It's the little things that please . .

Rained off my main task (building a garage for a car {yes really!}) this
afternoon so got a bit of unexpected catchup time to do outstanding jobs:
The welding cart - full size oxy-acetylene bottles, stored in workshop
annex - axle & wheel set one and a half inches too wide to go through
interconnecting door. A bit of reducing spacers and machining bits off the
wheel hubs and axle and lo and behold a trolley that now fits though the
door (only just but that's all it needs !)
Total time perhaps an hour and a half. How long has the job been waiting -
perhaps a year and a half. No more using long pipes and trotting back on
forth - oh joy.
So why didn't I do it before ???????
Andrew Mawson
Reply to
Andrew Mawson
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Andrew - you are SERIOUSLY confused. If God had meant cars to live in garages, He would never have invented lathes & milling machines.
I'm convinced that, like good wine, projects need "laying down" to mature for a while before they are ready to be worked on. The ML7 dividing attachment I made over New Year had been maturing for about 5 years before I got around to it...
Regards, Tony
Reply to
Tony Jeffree
Ah - but this isn't just a car - its an Austin Healey 3000 - daren't leave it outside
Andrew
Reply to
Andrew Mawson
When we moved into where we are now my equipment was in storage so I decided to get the floors down, 3 phase laid in and all painted before moving it back it. On the first night because we had an empty garage, ex stable actually, I put Ower Gerts car in [ the donald wouldn't fit - too high ] This was the first time in all my life I had put a vehicle into a garage. Next morning I couldn't believe it when the blasted thing wouldn't start. That was it, never again, I rushed straight out and bought a bigger lathe and mill to fill the available space up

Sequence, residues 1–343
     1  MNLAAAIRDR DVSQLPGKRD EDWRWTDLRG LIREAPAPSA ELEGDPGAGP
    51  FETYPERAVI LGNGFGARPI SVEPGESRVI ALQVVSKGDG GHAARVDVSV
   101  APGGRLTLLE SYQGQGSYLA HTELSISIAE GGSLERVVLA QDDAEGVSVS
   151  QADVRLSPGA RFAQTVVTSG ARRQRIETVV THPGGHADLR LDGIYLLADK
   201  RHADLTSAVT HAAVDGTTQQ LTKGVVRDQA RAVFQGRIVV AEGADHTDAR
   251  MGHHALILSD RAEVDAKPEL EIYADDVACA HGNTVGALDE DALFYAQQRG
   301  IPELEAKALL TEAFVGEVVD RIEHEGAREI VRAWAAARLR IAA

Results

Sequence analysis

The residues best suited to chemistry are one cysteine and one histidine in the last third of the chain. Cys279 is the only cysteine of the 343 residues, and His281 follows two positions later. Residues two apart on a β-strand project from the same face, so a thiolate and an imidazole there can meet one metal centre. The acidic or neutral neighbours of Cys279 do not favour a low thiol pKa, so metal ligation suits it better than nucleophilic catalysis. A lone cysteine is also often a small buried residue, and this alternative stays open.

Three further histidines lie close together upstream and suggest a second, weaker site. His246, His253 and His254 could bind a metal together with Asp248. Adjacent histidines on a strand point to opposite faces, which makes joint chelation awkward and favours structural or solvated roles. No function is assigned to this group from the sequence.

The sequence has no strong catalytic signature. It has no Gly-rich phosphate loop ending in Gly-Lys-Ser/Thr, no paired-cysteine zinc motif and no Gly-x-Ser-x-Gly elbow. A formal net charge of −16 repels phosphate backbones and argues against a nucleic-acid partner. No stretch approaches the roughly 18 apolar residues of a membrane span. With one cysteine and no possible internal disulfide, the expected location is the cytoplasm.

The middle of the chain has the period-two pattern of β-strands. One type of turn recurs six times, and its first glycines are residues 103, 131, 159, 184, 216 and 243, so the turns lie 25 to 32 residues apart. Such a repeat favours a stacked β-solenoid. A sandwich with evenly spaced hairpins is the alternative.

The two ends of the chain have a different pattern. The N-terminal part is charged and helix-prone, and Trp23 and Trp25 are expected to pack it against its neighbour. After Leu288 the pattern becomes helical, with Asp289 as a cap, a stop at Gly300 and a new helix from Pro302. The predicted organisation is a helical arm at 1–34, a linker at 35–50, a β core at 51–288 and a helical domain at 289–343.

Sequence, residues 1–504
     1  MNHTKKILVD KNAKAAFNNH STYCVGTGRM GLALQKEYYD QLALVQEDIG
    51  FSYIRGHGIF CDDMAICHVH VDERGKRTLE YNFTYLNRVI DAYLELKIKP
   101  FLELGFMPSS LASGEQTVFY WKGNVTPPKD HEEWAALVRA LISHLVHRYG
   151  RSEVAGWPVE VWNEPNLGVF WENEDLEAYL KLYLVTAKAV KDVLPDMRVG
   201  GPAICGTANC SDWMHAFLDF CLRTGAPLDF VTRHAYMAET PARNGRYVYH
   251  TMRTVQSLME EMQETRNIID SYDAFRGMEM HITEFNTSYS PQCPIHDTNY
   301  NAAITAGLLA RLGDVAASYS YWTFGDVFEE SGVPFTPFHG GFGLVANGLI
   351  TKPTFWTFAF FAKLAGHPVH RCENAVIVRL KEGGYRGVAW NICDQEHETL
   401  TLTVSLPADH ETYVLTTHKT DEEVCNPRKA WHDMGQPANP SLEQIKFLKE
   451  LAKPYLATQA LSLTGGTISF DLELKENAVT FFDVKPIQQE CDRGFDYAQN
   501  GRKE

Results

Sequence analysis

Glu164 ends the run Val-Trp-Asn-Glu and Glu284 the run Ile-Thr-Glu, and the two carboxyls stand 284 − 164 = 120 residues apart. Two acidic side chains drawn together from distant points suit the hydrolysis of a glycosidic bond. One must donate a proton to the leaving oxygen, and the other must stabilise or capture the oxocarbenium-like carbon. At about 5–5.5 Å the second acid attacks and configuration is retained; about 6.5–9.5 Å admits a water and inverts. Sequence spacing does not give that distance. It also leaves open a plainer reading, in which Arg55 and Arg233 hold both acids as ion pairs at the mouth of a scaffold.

Normally I would agree with Tony's sentiment here and it gives one to get thru the MKI to MKIX models before completion............. However it's been my recent observation that anything that gets ' laid down' tends to disappear rather quickly and sometimes even departs with the patch of floor it was standing on. Occasionally some things do resurface, Fridays coffee always seems to reappear around the next Tuesday, drinkable but cold. Cheese sandwiches are an anomaly though. The bread is usually beyond economical repair and makes a good Scotch Block but the cheese is usually salvageable with a of rework on the linishing belt.
-- Regards,
John Stevenson Nottingham, England.
Reply to
John Stevenson
Congratulations! There are all too many models of locomotives, traction engines and aero engines but I've only seen about three cars. Which one are you making and what scale are you making it to? ;-)
Mark Rand RTFM
Reply to
Mark Rand
Nice thick sheet of environmentally unfriendly asbestos mounted over the silencer below the passenger floor and keep the speed up so that there's lots of airflow
Andrew Mawson
Reply to
Andrew Mawson
That's the car dreams are made of just make sure the passenger wears fire retardant boots
Have fun
Andrew Bishop
Reply to
Andrew Bishop
[snip]
And its usually all the better for the maturing! Often the final job bears little resemblence to the original plans :)
Dave
Reply to
speedy2

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